How Do I Get People To Stop Calling Me Sweetie!!!?

Question to Ask the Workplace Doctors about affection names:

I am wondering how I should handle people in the workplace who address me with “endearing” nicknames. I am 27 and work as a payroll officer at a large company with mostly older women. Most of them neglect to call me by name and use “sweetie” or “darl” instead, even though I have larger job responsibilities and better qualifications than they do. I find this patronizing and irritating. It is hard to get taken seriously when colleagues talk down to me like this, so I am wondering what is the most civilized way to get them to stop.

Signed, Want Respect

Dear Want Respect:

Since you work in a large company, it is likely that policy and practice regarding address are already established, regardless of rank. Check your policy book and consult with Human Resources about this. But even if you have no established protocol for address, you can “train” those with whom you work as to your preference. If those who addressed you ad “sweetie” were male, I’m sure you would call a halt to that immediately with a firm, “Please don’t call me “sweetie” or “darling’. My name is Anne, and I go by that name and only that name.”

Once a pattern of address is established changing that might take special effort, but it can be done. Probably to your older coworkers’ endearing terms of “sweetie” or “darl” came naturally, as it might be for you to say “Sir” to a senior executive. If it is normal to use first names (or last) in your workplace culture, you might politely explain to those who address you as “sweetie” about your strong preference to be addressed by your name. They will respect you for that, especially when you address them by their first names (or last) and say that you want to be respected just as are they.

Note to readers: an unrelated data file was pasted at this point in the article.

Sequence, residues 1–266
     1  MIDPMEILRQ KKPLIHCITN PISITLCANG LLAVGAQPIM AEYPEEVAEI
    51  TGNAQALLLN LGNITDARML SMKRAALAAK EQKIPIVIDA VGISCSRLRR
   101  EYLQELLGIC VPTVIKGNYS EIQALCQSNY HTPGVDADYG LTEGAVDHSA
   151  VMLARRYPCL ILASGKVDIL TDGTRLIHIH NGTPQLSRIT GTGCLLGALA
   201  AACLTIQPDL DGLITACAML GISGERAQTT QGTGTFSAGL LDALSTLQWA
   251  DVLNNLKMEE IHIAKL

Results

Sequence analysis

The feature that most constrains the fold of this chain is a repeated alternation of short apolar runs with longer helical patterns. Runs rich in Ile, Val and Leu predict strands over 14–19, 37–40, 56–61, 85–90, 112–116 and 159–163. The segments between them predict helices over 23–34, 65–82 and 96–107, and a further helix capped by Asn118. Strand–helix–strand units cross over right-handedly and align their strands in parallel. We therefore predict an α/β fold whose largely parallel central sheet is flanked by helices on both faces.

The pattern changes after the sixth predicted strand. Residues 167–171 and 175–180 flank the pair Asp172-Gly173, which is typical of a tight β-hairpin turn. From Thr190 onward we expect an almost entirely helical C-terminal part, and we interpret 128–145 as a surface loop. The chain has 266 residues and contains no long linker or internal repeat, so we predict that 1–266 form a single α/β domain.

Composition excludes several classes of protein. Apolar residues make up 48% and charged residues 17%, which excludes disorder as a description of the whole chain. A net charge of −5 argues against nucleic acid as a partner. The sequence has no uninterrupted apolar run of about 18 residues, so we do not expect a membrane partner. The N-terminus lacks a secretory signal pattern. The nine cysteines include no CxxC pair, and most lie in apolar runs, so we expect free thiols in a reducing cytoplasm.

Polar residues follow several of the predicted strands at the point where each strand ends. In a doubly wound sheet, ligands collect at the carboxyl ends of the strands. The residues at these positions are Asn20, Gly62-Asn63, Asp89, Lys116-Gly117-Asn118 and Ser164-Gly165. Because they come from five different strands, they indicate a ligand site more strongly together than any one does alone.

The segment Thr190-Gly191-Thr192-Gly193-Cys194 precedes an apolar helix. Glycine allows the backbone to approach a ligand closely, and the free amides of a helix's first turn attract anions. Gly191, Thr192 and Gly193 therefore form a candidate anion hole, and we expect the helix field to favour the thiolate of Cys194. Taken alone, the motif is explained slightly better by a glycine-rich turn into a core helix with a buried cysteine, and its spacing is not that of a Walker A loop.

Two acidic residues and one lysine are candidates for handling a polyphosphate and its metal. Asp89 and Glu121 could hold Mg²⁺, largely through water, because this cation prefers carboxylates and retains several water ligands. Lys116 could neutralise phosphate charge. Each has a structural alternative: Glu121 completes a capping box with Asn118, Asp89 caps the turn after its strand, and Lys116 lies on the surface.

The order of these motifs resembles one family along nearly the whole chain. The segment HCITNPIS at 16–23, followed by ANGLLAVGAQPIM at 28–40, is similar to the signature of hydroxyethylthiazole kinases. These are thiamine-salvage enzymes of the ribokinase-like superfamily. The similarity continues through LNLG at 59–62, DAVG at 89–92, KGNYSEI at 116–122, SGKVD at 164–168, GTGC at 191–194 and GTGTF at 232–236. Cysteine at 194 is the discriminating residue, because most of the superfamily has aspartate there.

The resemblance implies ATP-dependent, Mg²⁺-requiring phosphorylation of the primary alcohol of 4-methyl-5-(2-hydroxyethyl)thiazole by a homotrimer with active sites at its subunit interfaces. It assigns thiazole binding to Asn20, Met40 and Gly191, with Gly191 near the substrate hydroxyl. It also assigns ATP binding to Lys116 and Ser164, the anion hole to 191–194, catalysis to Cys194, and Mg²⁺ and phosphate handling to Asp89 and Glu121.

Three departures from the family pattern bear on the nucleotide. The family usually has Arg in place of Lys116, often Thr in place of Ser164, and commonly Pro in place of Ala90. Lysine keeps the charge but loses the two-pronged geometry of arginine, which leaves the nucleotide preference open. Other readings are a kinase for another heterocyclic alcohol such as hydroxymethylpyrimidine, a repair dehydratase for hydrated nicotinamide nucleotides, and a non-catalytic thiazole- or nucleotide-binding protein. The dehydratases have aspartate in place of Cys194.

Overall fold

You need not be shy about explaining that “honey” labels you as that and not as the professional you are. An easily read desk sign can assist in this. To be more specific you could type out a tent-like sign that says, “Please call me Anne” and if your co-workers find it difficult to change from “sweetie”, you could be more explicit with a sign that says, “In Case You Can’t Remember, My Name is Anne.” Another way to handle this is ask your superior to put Communicating as Professionals on the agenda of a coming staff meeting. She or he probably will ask what you have in mind and you can explain how coworkers address each other and managers address their associates is a subtopic of that larger topic.

Wise managers welcome talk about effective communication. They know clarification of what is expected and wanted is an on-going process.Talking about how we talk with one another is worthy of discussion, particularly for those who must interact frequently. Work groups need to feel comfortable about what is said, when, where, and how and to whom. Unspoken communication rules when spelled out make for greater efficiency and cooperation; for example, who makes assignments, gives instructions, how corrections are given, complaints are made and to whom.Undoubtedly, in your work area there are many taken for granted practices that are good, and some that could benefit from review. Apparently one topic that has not been addressed within your workplace is making talk about talk a habit, rather than an exception. That also is the unstated expectation of my signature advice: Working together with hands, head, and heart takes and makes big WEGOS.

William Gorden